Peter Brimelow: Gold bugs disappointed but keep the faith


By Peter Brimelow
Sunday, July 1, 2007

NEW YORK -- Gold disappointed its friends last week. But they've not given up.

The yellow metal not only failed to resume the previous week's breakout attempt on $660, but swooned badly on Tuesday, back to levels not seen since March. A painful struggle back left spot gold at $647.50, a $2.60 loss on the week.

I like to check The Gartman Letter, a well-connected institutional service with a decent record in timing gold buys. But it was stopped out of a long after only three days.

MarketVane's Bullish Consensus, a survey of futures trader sentiment, reported only 67% bulls on Tuesday, lowest since the January low just above $600.

Gold's feebleness jarred with what goldbugs angrily consoled themselves was a favorable news background: U.S. dollar weakness, reports of foreign central banks diversifying away from the U.S. unit, oil strength, sub-prime problems creating financial structure fears, bombs in Britain. But nothing heartened gold.

As I've reported earlier, there's a new, radical, Internet-based subset of goldbugs who directly argue that the gold market is manipulated by an alliance of public and private sector interests.

One of them, Australia's thoughtful gold webzine was in the bittersweet position of having predicted before last week's action: "We think that an upturn ... will probably be delayed until after next week for the simple reason that the Fed's FOMC meets next week (on June 28-29) to decide on US interest rates." (A surging gold price would have fed inflation fears.)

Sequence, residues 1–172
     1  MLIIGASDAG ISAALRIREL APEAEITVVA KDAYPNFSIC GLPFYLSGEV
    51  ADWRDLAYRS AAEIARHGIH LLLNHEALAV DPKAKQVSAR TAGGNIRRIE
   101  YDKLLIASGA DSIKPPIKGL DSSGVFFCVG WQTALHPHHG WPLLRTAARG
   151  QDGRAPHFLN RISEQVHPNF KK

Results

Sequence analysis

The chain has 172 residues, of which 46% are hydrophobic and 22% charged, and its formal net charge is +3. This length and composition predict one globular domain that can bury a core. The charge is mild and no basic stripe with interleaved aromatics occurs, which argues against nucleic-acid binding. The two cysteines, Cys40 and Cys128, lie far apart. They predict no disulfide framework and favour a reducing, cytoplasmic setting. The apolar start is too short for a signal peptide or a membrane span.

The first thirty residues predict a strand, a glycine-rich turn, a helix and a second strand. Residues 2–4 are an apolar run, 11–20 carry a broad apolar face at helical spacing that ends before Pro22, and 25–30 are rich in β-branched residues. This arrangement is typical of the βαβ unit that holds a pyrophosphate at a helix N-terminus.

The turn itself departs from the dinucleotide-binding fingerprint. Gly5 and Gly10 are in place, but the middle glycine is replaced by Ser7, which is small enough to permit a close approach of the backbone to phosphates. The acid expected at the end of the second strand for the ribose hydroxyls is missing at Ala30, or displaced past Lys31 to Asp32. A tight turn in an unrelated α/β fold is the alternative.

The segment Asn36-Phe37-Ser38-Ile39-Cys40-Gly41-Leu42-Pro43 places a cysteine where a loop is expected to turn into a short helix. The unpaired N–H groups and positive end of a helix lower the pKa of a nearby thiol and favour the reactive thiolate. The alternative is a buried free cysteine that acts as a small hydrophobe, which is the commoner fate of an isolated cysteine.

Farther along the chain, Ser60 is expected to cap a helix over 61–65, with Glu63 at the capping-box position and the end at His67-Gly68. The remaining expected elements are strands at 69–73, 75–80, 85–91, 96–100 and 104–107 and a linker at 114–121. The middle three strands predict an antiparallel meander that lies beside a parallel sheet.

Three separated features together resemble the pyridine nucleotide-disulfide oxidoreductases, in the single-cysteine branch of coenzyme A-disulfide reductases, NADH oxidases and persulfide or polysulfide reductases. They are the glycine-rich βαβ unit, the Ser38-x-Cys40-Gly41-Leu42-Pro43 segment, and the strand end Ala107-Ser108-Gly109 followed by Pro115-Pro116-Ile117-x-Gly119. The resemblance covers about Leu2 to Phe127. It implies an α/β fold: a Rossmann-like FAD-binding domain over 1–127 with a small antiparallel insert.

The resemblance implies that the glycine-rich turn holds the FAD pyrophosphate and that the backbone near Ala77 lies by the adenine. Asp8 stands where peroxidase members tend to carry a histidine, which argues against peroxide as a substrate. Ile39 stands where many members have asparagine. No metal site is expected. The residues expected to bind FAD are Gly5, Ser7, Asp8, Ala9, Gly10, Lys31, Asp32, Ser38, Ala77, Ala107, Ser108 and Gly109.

Privateer didn't seem consoled after last week's action. He wrote: "Marvelous, isn't it? The FOMC meeting this week was a "two-dayer" over June 27-28. June 26, the day before the meeting, the spot future Gold price duly lost $US 9.20 ... then dropped another $US 0.40 the next day to $US 641.70. By the end of the week, with the FOMC meeting safely "negotiated," the spot future price was back up to $US 650.90.

Privateer runs a mighty U.S. dollar 5x3 point and figure chart, which is designed to register really important turns. It did not register anything important last week. Privateer amiably makes this available to nonsubscribers:

And even the more radical goldbugs see reason for short-term optimism in the technical structure of the gold market.

On Saturday the "Trader Dan" commentary posted most days on veteran gold bug James Sinclair's MineSet Web site had a valuable insight based on his reading of the rather arcane commitment of traders data issued on Fridays by the Commodity Futures Trading Commission:

"Keep in the back of your mind that there are now a tremendous amount of speculators who are short this market below the $647 level. My guess is that these shorts are vulnerable on any move about the $658 level in August gold so watch for that. ... The combination of three things -- a gargantuan spreaders position, huge short covering by the bullion banks, and the period in which gold tends to make its seasonal low all point to a bottom in the gold market that is not far off, if it has not already occurred."

Trader Dan's conclusion: "If August gold takes out $660 on a closing pit session basis, speculative shorts will be in serious trouble and will begin their covering."

Next week in gold could be different.

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